P.S. The expression, ‘How do you like them apples?’, comes from the First World War when the British invented a new mortar that used toffee apple shaped bombs, sweet!

Wet collodion is a slow, very wet and very smelly process that is full of many variables that can affect the outcome. There are a lot of modern practitioners who produce some amazing artwork, and using some very inventive methods to produce images, from using van as a camera to a using whole room to create mega glass plates of 6’x4’. I can see the addiction to this process and possibly it could be equated to trying to master golf, which, although I’ve never played, I hear is something you can never quite achieve but at least have fun trying to get there.

Wet-collodion process | photography (s.d.) At: [Accessed 13/11/2020]

Daguerreotype | photography | Britannica (s.d.) At: [Accessed  28/11/2020]

Calotype | Definition, Process, & Facts (s.d.) At: [Accessed  28/11/2020]

13th November 2020


I’ve just had some feedback from my practical study lecturer. He suggested I be more expansive on my blogs when Im discussing my results. Basically explain why I like the successes and why I don’t like the failures. I realise that I’m very used to providing high quality slick results and I was reminded to ‘let go’ more, to experiment and not worry about perfect results, it’s the thought and experimentation that he is looking for.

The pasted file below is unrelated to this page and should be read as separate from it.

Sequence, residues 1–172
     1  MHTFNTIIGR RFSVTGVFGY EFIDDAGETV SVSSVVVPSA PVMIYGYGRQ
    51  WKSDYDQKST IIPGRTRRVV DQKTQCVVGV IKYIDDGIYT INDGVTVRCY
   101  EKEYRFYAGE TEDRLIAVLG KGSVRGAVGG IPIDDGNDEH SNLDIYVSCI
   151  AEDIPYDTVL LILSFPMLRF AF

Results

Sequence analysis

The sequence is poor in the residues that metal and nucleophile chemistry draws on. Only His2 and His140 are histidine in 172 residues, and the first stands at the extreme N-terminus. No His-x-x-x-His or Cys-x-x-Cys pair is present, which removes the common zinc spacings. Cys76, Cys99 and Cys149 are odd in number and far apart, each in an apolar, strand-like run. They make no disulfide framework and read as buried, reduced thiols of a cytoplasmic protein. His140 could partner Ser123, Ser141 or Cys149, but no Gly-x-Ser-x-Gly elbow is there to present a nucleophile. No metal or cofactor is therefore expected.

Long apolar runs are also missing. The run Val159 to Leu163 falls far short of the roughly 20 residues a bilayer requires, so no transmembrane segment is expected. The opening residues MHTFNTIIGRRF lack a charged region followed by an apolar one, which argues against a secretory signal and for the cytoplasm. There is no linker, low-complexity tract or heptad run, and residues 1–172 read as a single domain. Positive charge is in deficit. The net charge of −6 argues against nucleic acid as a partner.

Shane Balkowitch

14th November 2020

Shane is modern wet collodion practitioner whom I admire. I do love the strong chiaroscuro in these first self portraits (below) but I prefer his nostalgic photographs (‘Zenfolio’ below) and they’re more relevant to me with my historic take on the process.

Below is his shot of Greta Thunberg. I love that it still looks old and her necklaces look of native American Indian origin. I wonder if they were props added by Shane? In period photographs it’s more common for sitters to look off-camera. In Shane’s images where the subjects look at the camera, I am reminded this is a modern image, which personally, I don’t like. His native American images work best for me, their head dress and costumes are stunning. I do not know of any re-enacting group that covers the genre but it would be great to photograph some using the wet collodion process.